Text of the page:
Myths & Questions About Multigenerational Planning

Myth: My estate plan is just for me, so I don’t need to tell anyone about it.

False. How much you divulge is up to you, and being honest with your loved ones can help alleviate misunderstandings that could arise after your passing. Sharing this information is especially helpful if:

  1. You have chosen to treat individuals in the same generation differently.
  2. You have placed additional requirements or restrictions on how your money and property are to be used.
  3. You have skipped an entire generation or group or individual that would typically inherit from you (spouse, children, or grandchildren).

Also, if you want your estate plan to benefit multiple generations, it can be helpful to have your loved ones understand what money and property they will have access to and your intentions regarding access for future generations.

Myth: The reason there is no money left at the end of the third generation is because of bad investments.

False. While this may seem like the likely answer, a study by The Williams Group, a family wealth coaching company, revealed that unprepared beneficiaries are one of the major reasons why much of a family’s wealth is lost by the third generation, not bad investment strategies.[1] If you want to leave money for multiple generations, it is essential to prepare your beneficiaries. They need to understand what they are receiving and what the ultimate intention is for the money and property you are leaving. You can also prepare your beneficiaries by teaching them proper money management. If a beneficiary does not learn how to manage their money, it shouldn’t be a shock when they spend their inheritance in a short period of time.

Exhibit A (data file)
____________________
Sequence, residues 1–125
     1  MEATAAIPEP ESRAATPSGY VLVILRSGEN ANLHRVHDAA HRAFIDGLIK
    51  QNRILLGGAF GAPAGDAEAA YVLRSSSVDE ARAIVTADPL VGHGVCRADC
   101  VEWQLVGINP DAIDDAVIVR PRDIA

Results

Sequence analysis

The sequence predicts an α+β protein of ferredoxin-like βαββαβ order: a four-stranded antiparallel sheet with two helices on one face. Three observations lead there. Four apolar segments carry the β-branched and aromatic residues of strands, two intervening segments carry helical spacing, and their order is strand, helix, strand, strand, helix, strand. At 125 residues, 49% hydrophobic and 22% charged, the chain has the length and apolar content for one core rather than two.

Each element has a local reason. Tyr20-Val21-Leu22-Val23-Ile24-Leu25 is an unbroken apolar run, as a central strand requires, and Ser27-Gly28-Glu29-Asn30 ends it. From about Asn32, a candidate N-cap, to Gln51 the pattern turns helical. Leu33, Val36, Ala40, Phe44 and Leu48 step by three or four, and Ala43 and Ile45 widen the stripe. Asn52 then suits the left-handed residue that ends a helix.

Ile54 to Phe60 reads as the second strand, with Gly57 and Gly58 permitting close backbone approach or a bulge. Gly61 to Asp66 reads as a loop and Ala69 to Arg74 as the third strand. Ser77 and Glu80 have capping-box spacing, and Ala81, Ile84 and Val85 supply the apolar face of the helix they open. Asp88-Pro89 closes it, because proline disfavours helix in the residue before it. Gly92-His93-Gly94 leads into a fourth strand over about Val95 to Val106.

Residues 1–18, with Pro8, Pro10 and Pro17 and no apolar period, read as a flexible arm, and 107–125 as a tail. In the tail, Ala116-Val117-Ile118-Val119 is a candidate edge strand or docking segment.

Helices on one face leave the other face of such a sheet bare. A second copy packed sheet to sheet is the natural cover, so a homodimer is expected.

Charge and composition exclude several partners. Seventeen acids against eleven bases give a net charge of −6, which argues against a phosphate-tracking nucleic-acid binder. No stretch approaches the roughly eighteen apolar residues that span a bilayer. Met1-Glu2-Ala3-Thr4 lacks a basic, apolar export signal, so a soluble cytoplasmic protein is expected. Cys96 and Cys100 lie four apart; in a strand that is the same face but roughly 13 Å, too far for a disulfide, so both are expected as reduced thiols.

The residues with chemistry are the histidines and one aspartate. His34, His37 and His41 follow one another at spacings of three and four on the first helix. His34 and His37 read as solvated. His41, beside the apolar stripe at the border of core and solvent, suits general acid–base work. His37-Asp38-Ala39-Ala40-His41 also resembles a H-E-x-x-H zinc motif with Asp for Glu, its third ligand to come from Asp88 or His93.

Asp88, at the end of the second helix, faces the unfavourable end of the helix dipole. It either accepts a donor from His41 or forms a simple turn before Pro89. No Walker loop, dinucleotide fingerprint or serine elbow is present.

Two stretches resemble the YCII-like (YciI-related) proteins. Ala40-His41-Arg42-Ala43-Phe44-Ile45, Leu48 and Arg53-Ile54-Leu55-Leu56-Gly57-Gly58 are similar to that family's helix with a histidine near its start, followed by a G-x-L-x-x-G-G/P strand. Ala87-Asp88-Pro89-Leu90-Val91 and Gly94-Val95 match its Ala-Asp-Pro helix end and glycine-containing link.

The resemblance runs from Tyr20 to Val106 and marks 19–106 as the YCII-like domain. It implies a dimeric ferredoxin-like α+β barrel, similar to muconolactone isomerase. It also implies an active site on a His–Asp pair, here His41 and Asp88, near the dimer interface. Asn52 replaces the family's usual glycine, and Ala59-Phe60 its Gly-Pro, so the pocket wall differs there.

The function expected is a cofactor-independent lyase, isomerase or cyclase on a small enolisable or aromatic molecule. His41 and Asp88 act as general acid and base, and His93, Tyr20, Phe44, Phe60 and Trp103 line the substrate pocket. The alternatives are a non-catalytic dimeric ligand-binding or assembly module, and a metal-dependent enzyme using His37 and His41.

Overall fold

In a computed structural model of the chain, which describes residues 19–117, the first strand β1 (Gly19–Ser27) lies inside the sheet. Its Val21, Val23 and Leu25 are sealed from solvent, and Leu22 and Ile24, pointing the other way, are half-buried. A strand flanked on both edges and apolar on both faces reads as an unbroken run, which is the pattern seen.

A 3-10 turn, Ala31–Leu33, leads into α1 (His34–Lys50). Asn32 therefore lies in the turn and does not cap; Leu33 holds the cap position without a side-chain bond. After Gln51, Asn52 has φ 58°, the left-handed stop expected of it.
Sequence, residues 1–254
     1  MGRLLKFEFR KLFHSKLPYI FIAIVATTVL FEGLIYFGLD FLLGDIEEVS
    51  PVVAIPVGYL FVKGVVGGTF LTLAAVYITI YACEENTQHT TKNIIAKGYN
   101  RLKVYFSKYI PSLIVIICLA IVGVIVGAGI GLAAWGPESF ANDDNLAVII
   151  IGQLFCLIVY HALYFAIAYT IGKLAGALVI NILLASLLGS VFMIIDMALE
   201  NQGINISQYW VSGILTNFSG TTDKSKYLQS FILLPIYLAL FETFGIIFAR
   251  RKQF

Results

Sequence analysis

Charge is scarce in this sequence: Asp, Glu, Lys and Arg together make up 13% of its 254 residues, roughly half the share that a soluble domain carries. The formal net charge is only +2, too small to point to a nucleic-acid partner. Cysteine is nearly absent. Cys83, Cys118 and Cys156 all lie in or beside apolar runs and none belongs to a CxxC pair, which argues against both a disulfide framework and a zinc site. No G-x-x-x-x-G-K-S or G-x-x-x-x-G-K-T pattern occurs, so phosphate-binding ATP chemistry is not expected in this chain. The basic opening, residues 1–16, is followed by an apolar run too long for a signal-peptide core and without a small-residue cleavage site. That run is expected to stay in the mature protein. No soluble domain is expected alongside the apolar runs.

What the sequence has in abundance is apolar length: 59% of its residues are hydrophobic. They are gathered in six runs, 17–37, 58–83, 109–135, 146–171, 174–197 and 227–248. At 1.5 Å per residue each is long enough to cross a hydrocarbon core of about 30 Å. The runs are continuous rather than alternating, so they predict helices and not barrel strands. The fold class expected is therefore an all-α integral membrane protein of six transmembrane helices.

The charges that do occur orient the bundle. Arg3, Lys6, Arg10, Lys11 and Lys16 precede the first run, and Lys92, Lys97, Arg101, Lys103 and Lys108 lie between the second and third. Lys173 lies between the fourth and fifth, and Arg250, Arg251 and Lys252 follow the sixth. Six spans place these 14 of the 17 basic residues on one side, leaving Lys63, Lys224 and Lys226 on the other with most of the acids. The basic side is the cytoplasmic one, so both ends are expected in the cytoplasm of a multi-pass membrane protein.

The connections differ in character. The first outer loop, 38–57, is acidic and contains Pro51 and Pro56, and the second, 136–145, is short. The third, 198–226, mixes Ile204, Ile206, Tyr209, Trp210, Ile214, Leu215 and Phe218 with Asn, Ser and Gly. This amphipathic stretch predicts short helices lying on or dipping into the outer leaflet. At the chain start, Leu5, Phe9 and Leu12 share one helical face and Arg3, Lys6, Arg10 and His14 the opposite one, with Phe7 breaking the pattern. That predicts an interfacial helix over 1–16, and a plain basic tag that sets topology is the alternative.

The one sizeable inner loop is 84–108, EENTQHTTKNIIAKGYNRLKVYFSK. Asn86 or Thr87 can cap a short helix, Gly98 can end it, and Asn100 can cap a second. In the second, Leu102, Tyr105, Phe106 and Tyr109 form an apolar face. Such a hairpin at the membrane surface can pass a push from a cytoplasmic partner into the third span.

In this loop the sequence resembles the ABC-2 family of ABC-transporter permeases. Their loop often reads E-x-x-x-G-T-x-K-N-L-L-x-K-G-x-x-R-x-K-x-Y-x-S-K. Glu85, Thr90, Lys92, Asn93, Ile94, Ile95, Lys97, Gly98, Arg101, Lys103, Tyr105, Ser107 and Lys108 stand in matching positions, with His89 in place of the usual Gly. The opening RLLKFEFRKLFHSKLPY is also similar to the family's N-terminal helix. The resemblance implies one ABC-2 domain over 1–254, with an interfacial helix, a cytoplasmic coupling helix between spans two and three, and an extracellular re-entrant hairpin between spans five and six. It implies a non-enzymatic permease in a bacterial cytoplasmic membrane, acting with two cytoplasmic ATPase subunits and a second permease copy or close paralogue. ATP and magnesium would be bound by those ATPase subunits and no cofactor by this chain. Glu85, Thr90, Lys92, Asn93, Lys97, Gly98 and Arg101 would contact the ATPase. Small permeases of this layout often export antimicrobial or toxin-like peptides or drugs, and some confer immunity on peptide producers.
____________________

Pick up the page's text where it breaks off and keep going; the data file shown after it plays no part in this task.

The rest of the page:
Question: Is it better to treat loved ones fairly or equally?

The answer to this question will depend on your unique situation and may take some soul-searching on your part. For some clients it’s important to treat everyone equally to avoid family conflict after the client is gone.

Other clients believe that because everyone is different, the money and property left to their beneficiaries should be used to make sure that everyone has the same access to opportunities and advantages in life. One child may make more money than a sibling, or one grandchild may have special needs while the other grandchildren do not. The client may determine that someone who is successful on their own doesn’t need as much as someone who is financially struggling. It’s important to remember that there is no right or wrong answer to this question.

We can help!

Our attorneys can help you with your multigenerational planning. For assistance with these and other business law, tax planning, or estate planning matters, contact our office today!

Legal Disclaimer – The information provided is designed for general information only and is not intended to be legal advice, nor does it create an attorney client relationship. Consult an attorney before making any legal decisions based on your individual circumstances.

[1] The Williams Group, Our History, https://www.thewilliamsgroup.org/our-history (last visited May 20, 2021).